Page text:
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We’ll do what we darn well please.

Rogers Communications, a Canadian ISP (and mine as well unfortunately) has begun a test of inserting content into web pages in order to communicate with their customers:

"Just brought to my attention today by a concerned reader who chose Google for his example, what you’re looking at is reportedly an ongoing test by Rogers in Canada, scheduled for deployment to Rogers Internet customers next quarter," Weinstein wrote in his blog.

"This is what Net Neutrality is about — it’s not just making sure that data is handled in a competitive and non-discriminatory manner, but it’s also that the data that’s sent is the data that you get — that the content is unmodified, not with messages that are woven into your data stream [from third parties]" he says in an interview.

Although in this case it just seems to be to tell you how close you are to the cap on your formerly unlimited bandwidth. But I’m sure that this "communication" will soon include ads for Rogers services, just as you must endure if you are also a Rogers cable television subscriber.

As Michael Geist notes, this clearly violates any kind of net neutrality:

The split screen raises fundamental net neutrality concerns and appears to be a clear case of interfering with content delivery (offering an opt-out is not good enough). The trend therefore continues – Canada trails the U.S. on the net neutrality legislative front, yet it has far more examples of how the dominant ISPs stand ready to interfere with neutral carriage of content and applications.

Mathew Ingramdoesn’t agree:

Contrary to what Kristen Nicole at Mashable and others are saying, Rogers is not “overwriting” Web content, it’s merely pushing the page down and inserting a message at the top. Cynthia Brumfield has an example of something Verizon does that she thinks is worse.

Lots of sites do the same thing with frames and so on. Is it ugly? Sure. But apart from that, I don’t see what everyone is getting excited about. In fact, while I’m not sure I want to make a habit of this sort of thing, I’m going to side with Seth “Bah Humbug” Finkelstein on this one. As he notes in his post, this just isn’t that big a deal. Let’s save all of the net neutrality hyperventilating for something a bit more serious, shall we?

Yeslots of sites do the same thing with frames, but that is evident when I visit the site. Google does not do that, so Rogers has chosen to alter my viewing experience – without my consent.

This certainly isn’t some crisis of epic proportions. However, it is all about net neutrality. Rogers’ pipes are no longer neutral; the content that comes from them is different that when went in in the first place, so they are clearly not neutral regardless of the definition.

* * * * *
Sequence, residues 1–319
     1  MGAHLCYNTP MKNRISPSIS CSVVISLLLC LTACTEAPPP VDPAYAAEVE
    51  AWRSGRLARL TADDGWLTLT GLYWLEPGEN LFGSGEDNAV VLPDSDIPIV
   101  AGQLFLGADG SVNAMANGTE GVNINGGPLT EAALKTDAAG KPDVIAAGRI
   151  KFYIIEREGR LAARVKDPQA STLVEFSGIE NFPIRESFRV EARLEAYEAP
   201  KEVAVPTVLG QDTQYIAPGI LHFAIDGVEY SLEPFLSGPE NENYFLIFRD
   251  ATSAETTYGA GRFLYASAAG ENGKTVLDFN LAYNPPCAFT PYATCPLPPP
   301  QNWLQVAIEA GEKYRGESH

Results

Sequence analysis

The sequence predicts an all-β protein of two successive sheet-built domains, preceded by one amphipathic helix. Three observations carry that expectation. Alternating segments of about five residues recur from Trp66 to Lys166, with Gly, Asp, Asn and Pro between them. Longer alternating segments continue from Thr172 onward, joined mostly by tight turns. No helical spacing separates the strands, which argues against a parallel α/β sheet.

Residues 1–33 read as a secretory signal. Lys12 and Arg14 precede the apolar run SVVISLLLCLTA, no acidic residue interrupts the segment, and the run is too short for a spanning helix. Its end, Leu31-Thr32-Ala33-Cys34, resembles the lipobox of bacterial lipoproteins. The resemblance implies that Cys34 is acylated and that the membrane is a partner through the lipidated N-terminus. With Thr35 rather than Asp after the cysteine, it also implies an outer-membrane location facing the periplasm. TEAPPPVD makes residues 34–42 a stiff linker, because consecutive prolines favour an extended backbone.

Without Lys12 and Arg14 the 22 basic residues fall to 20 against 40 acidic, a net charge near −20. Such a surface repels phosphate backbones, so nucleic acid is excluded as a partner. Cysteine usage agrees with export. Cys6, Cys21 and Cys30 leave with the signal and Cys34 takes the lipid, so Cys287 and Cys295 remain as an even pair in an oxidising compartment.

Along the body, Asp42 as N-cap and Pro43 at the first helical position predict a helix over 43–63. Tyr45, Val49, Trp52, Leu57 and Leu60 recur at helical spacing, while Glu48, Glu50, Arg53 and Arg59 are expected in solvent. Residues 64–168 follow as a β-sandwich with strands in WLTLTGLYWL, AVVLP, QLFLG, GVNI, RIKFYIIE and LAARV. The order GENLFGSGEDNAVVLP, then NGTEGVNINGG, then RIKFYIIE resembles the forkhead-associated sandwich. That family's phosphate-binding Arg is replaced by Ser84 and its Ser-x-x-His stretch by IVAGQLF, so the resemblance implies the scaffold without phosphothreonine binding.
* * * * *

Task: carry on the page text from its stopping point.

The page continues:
So if simple innocuous "customer communication" is not a problem then when does it become a problem? When Rogers starts inserting Rogers-sponsored ads into Google’s results? Is it a problem then?

How about if they start removing some of the sponsored results? How about then?

I’d pose this simple question to Mathew. Do you mind if Rogers inserts a message at the beginning of every phone call you make? After all, it just pushes your call to a minute or so longer.

I’m paying my ISP for a transmission mechanism – a pipe. I expect that what goes into that pipe should come out the same way.

If my ISP wants to communicate with me then they should ask for my email – just like everyone else. They have my phone number but they sure aren’t in any rush to communicate with me when they have any kind of service problem. That they can’t even be bothered to put on their home page.And they sure don’t want me to communicate with them if their voice mail system is any indication.

Update: Clearly the people at Rogers just don’t get it. I just got the following comment from someone who didn’t identify themself from ip address

It was just a pilot program to test a notification system. Relax!

And who could that be?

OrgName: Rogers Cable Communications Inc.
OrgID: RCC-99
Address: One Mount Pleasant
City: Toronto
StateProv: ON
PostalCode: M4Y-2Y5
NetRange: –

As usual, when there is any kind of issue at Rogers, it is the customer that is wrong. It would have been so simple to say "We appreciate your concern." or something like that.

Of course to do that, they might actually have to appreciate my concern.

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FunWall spam on Facebook?

As if Facebook didn’t have enough problems today, I seem to be getting spam, or I suppose bacn, from the Facebook application FunWall. This comes in the form of email messages saying that people I don’t know have posted on my FunWall even though there are no such posts.

Now this is a bit surprising since I thought that only my friends could see my full profile and therefore my email.

Is Facebook having some sort of security leak today? Just in case I’ve blocked the FunWall application, but I’d sure like to know what is going on.